Pacquiao's road to Clottey

Nov. 23: Formal negotiations for Manny Pacquiao-Floyd Mayweather began.

Dec. 1: Mayweather agreed to terms for a welterweight title bout versus Pacquiao.

Dec. 4: Pacquiao agreed to a proposal from promoter Bob Arum. Pacquiao and Arum met for two hours to discuss the proposed deal, according to Pacquiao adviser Michael Koncz, who told The Associated Press that "Manny has some additional requirements, requests, which Arum didn't think was a problem."

Dec. 22: The megafight was put in jeopardy after the camps' failure to agree on the manner of drug testing for the fight. According to Golden Boy Promotions, which represents Mayweather, Pacquiao refused to agree to the Olympic-style drug-testing procedures the sides had been negotiating. Mayweather requested that the drug testing for the fight be in compliance with the United States Anti-Doping Agency, which handles testing for Olympians, "to ensure fair play and sportsmanship by both fighters."

Dec. 23: Arum suggested an alternate drug test plan. An impasse over the drug-testing protocol to be used in the Pacquiao- Mayweather welterweight title bout could have been overcome if Mayweather agreed to allow the agencies used by the NBA, NFL and MLB to handle testing for boxing's biggest fight, Arum said.

Dec. 25: Angered by accusations from the Mayweather camp that he uses performance-enhancing drugs, Pacquiao said he would file a defamation lawsuit against Mayweather and Golden Boy Promotions.

"Enough is enough. These people, Mayweather Sr., Mayweather Jr. and Golden Boy Promotions, think it is a joke and a right to accuse someone wrongly of using steroids or other performance-enhancing drugs," said Pacquiao, who denied that he has ever used any banned substance and who has passed all his drug tests. "I have tried to just brush it off as a mere prefight ploy, but I think they have gone overboard."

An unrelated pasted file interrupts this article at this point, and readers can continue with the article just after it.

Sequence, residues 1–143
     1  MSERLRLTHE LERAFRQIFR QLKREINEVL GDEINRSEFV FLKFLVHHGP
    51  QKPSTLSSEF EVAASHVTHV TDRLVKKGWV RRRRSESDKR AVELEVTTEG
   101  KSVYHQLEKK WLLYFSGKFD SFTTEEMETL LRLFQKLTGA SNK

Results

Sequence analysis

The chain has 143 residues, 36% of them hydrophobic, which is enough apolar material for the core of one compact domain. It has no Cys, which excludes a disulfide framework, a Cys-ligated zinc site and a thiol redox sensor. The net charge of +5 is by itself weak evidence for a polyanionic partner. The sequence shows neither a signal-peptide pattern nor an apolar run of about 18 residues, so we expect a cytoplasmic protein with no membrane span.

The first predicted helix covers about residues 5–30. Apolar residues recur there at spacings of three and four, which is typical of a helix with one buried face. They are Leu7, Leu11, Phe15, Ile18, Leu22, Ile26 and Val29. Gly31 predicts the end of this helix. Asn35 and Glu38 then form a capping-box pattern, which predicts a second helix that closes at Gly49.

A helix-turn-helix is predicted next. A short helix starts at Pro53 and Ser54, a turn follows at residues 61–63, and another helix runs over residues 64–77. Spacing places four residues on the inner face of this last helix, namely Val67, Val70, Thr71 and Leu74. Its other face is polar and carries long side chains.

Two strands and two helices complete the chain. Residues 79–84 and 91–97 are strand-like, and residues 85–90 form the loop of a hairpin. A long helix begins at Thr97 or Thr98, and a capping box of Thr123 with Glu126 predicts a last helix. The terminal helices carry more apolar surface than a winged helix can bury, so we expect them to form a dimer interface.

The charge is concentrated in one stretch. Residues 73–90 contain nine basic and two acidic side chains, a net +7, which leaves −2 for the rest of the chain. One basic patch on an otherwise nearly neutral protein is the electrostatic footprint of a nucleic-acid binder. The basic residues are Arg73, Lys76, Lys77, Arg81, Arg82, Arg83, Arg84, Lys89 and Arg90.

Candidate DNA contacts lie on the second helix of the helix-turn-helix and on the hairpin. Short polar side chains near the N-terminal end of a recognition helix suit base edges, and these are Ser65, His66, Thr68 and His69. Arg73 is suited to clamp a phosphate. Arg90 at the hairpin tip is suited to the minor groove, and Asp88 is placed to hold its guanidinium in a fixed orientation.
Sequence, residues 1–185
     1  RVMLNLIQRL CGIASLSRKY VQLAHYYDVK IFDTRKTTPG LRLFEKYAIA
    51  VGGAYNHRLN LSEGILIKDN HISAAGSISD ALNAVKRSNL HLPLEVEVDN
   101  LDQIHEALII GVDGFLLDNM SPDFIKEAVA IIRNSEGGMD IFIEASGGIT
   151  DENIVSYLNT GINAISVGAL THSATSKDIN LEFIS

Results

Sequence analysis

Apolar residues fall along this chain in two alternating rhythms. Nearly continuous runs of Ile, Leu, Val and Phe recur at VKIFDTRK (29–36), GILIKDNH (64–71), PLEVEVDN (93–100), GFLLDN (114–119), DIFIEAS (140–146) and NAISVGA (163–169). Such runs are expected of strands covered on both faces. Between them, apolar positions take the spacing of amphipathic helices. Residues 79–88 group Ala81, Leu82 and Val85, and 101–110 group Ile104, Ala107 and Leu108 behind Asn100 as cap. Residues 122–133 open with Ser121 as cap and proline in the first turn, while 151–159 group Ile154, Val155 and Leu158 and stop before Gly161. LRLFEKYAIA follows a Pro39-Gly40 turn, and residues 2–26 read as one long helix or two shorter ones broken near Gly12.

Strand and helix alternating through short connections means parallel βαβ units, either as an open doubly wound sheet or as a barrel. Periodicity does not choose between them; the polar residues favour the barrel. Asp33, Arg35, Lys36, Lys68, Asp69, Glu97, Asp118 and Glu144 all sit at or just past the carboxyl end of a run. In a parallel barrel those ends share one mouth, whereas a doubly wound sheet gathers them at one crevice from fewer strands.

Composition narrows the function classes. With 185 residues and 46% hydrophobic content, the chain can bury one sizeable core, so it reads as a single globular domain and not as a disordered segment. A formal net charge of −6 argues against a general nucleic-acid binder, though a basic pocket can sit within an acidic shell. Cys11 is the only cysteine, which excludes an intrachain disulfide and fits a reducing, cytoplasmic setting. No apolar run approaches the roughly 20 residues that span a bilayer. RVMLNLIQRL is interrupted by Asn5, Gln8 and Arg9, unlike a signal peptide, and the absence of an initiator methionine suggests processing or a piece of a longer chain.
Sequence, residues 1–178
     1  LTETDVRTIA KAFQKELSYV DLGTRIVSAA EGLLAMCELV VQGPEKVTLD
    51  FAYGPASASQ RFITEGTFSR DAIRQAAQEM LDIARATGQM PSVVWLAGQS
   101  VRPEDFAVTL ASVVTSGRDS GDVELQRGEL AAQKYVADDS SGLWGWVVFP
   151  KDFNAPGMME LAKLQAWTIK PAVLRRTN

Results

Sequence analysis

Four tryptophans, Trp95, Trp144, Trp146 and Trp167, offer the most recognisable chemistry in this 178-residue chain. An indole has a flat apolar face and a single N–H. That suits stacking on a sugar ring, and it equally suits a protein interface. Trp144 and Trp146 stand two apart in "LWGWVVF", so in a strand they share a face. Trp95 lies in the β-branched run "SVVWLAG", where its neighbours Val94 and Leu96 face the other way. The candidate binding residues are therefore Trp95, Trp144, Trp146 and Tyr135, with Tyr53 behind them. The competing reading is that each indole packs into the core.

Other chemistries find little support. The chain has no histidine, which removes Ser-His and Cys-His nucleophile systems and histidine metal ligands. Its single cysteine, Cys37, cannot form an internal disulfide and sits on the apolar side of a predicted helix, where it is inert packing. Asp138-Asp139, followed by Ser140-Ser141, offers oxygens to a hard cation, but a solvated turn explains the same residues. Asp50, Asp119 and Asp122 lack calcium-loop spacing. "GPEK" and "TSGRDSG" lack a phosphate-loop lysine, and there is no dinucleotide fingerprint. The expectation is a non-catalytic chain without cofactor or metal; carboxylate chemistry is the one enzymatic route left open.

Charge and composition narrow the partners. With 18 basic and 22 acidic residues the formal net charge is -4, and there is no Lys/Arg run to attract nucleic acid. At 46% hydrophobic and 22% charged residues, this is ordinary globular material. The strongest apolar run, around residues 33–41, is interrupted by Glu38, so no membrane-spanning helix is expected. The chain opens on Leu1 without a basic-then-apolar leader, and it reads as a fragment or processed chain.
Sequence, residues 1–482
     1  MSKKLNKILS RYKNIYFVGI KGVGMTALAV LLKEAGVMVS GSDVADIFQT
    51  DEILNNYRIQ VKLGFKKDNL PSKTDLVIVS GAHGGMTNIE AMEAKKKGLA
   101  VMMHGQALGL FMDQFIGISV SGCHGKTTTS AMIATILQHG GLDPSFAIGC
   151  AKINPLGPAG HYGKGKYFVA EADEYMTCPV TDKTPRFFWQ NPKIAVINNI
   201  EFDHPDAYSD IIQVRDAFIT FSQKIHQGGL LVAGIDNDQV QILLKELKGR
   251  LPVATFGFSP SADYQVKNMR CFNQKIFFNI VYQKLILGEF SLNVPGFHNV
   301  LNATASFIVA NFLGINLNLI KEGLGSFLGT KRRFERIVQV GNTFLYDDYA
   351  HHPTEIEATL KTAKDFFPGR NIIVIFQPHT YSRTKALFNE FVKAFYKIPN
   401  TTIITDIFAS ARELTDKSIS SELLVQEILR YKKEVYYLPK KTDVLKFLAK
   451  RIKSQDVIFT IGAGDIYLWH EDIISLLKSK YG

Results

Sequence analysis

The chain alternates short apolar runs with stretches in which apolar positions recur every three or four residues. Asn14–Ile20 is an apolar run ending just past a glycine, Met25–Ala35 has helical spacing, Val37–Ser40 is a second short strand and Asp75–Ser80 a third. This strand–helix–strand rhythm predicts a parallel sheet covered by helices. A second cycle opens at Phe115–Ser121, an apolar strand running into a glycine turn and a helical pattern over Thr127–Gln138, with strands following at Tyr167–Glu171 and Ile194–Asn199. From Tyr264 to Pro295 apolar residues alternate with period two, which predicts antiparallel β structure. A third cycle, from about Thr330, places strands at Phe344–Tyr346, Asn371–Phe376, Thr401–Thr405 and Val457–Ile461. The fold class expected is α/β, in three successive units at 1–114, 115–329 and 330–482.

Dec. 26: Golden Boy Promotions CEO Richard Schaefer said Mayweather's camp was OK to move off USADA rules.

"We are OK to move off USADA," Schaefer, who is representing Mayweather, told ESPN.com. "What we're saying, and what is important to us, is four things -- that the tests be random, that they include blood and urine and the time frame, meaning when you do stop the tests before the fight but know they will still be effective. Three of them we have agreed on -- random, blood and urine. So now it is a matter of the two sides working out the specifics of the cutoff date to assure it will still be effective."

Dec. 28: Arum announced he would choose another opponent for Pacquiao after failing to reach a deal for with Mayweather.

Dec. 30: Pacquiao filed suit in U.S. District Court against Mayweather Jr., Mayweather Sr., Roger Mayweather, Mayweather Promotions and Golden Boy Promotions executives De La Hoya and Schaefer.

Jan. 4: The two camps agreed to bring in a mediator to help work out differences.

Mediator Daniel Weinstein presided over the meeting in Santa Monica, Calif. Weinstein, a retired federal judge, also mediated the acrimonious dispute that kept Top Rank, Pacquiao's promoter, and Golden Boy, which represents Mayweather, from doing fights together for almost two years.

Jan. 6: Arum told ESPN.com that "the fight's off." The fight died after a last-ditch attempt at mediation between Top Rank and Golden Boy failed in an effort to determine the drug-testing protocol. Pacquiao had agreed to move off his hard-line stance of refusing a blood test inside 30 days before the fight, but Mayweather wouldn't budge off his desire for random testing all the way until the fight, according to Arum. Nor would Mayweather agree to a public apology for remarks he made accusing Pacquiao of using performance-enhancing drugs, Arum said.

Jan. 8: Pacquiao agreed to fight Joshua Clottey on March 13.

Jan. 12: Jerry Jones landed the Pacquiao-Clottey bout at the new Cowboys Stadium. "This is going to be one of the biggest events in the history of boxing," Arum said.

Feb. 26: Roach said Pacquiao "wants to fight [Mayweather] in the future.

"We're not happy with his remarks, and Manny really wants to fight him in the future because of the remarks he made," Roach said. "Manny, sometimes when he's shadowboxing, he shows me how Mayweather fights and how he'll take care of the problem, and I've never seen that before.

"He's trying to ruin our reputations and so forth, but we want to fight him, and we'll knock him out."

Arum still believes that Mayweather never wanted to fight Pacquiao, and his strict adherence to blood testing -- which is far more extensive than urine analysis required by the Nevada Athletic Commission -- was his way of getting out of it.

"We don't have to be geniuses to know what they were trying to do. They were trying to get into Manny's head so he'd be discombobulated," Arum said. "Mayweather against Manny is a no-contest, no contest. Manny would wipe the ring with Floyd Mayweather."